For each product you offer, you should have a separate page on your website dedicated to describing it. We’ll call this a product page. By listing the price on the product page, you’ll be allowing the consumer to determine whether or not they are even in your fee range. This will prevent you from wasting your time talking to unqualified leads who cannot afford your service and will also provide you with a competitive advantage since many firms have been slow to adopt this. The goal of the product page is to convert a website visitor into a retained client by providing them with all the information they need to make a purchase decision. By being transparent about the price and what is included, clients are able to draw a conclusion more quickly on whether or not they want to move forward.

5) Set up a merchant account

Just like any other product, you should be able to purchase it online. By setting up a merchant account on your website, you allow people to purchase the product with ease. This was an early advantage of Legalzoom, as it eliminated the need for the consumer to drive across town, pay for parking, take time off work and any other inconveniences normally associated with hiring an attorney.

Following these tips will help you set a foundation for establishing commoditized services at your law practice, which can supplement your more complex offerings. Productizing some of your services will help you stabilize cash flow issues so that you can start developing a recurring stream of revenue. Most importantly, you’ll be providing services in a manner that consumers are demanding and giving your firm a competitive advantage in the process.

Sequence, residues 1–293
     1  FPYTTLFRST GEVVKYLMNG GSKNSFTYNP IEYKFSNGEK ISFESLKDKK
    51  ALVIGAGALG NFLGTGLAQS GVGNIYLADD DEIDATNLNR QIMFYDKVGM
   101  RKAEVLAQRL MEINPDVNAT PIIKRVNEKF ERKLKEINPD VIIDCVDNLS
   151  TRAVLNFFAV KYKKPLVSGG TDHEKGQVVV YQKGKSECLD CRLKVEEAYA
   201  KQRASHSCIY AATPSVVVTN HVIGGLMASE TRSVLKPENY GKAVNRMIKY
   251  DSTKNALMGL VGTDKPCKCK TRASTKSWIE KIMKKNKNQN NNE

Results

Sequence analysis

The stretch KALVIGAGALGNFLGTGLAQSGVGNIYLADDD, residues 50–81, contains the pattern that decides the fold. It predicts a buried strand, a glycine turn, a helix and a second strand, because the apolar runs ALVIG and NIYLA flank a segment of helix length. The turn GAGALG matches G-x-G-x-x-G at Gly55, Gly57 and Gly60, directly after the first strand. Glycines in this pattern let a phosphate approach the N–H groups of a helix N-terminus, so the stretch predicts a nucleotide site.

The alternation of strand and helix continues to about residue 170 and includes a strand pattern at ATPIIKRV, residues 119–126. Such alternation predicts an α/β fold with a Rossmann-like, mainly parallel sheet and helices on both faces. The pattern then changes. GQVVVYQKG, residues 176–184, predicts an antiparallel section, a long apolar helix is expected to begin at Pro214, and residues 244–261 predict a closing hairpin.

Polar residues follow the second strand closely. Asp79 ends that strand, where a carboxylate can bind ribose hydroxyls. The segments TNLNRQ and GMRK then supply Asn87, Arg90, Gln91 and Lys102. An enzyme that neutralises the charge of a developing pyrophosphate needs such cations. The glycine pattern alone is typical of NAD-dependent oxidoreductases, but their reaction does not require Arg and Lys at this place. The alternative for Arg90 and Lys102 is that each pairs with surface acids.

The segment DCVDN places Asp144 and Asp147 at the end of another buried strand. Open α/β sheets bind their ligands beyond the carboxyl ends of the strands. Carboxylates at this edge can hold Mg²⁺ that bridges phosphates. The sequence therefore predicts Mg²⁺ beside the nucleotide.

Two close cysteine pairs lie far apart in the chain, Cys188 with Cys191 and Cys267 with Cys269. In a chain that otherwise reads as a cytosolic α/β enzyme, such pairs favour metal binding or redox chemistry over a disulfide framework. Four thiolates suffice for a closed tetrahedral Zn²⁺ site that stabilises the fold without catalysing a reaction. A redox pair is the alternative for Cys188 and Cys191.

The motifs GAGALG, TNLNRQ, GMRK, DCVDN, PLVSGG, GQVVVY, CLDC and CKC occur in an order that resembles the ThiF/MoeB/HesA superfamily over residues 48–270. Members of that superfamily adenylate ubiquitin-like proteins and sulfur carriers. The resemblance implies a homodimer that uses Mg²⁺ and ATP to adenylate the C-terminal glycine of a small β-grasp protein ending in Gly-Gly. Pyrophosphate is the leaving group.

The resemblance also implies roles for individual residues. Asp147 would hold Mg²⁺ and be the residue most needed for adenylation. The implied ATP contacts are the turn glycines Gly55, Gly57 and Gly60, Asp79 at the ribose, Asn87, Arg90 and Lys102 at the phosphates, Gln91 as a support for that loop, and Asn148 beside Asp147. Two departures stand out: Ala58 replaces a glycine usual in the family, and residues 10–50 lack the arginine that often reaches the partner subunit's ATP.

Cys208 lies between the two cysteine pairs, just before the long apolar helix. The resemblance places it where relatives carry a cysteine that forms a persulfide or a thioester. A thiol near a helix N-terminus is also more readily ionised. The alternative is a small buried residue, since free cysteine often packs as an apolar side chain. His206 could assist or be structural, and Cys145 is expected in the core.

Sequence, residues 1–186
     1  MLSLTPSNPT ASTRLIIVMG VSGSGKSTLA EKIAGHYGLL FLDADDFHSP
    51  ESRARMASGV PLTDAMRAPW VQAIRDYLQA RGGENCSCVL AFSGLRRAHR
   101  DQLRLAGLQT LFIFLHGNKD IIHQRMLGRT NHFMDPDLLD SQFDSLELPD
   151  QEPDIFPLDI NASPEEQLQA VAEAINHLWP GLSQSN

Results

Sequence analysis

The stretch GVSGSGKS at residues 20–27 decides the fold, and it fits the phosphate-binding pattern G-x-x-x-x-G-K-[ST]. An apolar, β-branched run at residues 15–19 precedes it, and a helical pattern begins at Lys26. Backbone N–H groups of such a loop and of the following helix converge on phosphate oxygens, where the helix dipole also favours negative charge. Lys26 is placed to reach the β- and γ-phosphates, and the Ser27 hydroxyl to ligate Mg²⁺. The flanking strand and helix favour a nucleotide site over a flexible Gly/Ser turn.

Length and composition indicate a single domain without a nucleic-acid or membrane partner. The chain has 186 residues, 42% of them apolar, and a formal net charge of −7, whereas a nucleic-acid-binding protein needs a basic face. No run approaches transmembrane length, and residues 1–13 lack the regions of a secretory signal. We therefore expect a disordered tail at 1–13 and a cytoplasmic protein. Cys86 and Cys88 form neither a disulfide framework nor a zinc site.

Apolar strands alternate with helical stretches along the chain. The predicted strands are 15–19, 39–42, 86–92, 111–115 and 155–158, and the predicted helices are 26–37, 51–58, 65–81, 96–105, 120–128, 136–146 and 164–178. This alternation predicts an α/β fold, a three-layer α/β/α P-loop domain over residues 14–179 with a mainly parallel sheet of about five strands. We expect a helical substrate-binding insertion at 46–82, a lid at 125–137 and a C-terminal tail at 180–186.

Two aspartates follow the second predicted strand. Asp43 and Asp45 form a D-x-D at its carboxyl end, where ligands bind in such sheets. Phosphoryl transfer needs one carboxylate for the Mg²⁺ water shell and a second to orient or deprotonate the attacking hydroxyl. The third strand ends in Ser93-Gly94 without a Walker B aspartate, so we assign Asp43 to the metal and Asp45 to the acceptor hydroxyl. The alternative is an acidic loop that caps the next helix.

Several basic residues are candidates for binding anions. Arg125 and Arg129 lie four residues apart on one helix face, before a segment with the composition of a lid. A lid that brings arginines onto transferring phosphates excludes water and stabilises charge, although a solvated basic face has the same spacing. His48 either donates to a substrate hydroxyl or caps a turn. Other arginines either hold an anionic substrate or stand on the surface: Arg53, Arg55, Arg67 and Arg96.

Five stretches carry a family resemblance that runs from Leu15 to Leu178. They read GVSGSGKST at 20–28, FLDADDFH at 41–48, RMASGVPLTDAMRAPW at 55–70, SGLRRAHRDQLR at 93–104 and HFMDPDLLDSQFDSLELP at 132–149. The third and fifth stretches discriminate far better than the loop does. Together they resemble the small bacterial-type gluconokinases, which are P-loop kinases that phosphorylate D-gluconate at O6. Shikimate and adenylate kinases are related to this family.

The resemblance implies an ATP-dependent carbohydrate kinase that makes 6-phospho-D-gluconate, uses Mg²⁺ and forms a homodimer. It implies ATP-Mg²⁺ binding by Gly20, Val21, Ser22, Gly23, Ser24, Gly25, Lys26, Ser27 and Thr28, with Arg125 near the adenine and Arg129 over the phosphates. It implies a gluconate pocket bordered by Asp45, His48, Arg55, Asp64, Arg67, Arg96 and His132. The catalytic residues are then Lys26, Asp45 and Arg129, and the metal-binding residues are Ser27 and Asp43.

One400 specializes in helping lawyers create products out of service offerings. If you would like to talk to us, email us at


Eva Hibnick is the co-founder and Chief of Growth at One400,  a law innovation agency focusing on helping law firms build products, create inbound marketing channels and acquire clients. She was previously the Marketing Manager at General Assembly and before entering the startup world, she was an attorney at Cravath, Swaine & Moore. She is a graduate of Harvard Law School and licensed to practice in New York.

Eva is a frequent speaker on legal marketing and sales. She is also active in the legal tech community, serving as the co-organizer to the LA Legal Hackers Meetup, the LA Legal Community Meetup and was a mentor for the SF and LA Legal Tech Startup Weekends. She has guest blogged for Solo Practice University, The Law Insider, Shake Law and other legal industry blogs.

Allen Rodriguez is the co-founder and Chief of Product  at One400, a law innovation agency focusing on helping law firms build products, create inbound marketing channels and acquire clients.  Prior to One400, he was the Director of Attorney Services at LegalZoom and ran the referral service at the LA County Bar, generating over $2 million in revenue during his term. He has been doing marketing for lawyers and legal tech startups for the past 15 years.

He is a frequent speaker on productization of legal services. He is also active in the legal tech community, serving as the co-organizer to the LA Legal Hackers Meetup, the LA Legal Community Meetup and was a mentor for the SF and LA Legal Tech Startup Weekends.


  • Bill

    A couple of thoughts:
    1) As Carolyn notes, this is commoditization. And from a pricing (and profitability) standpoint, doesn’t that translate into a race to the bottom?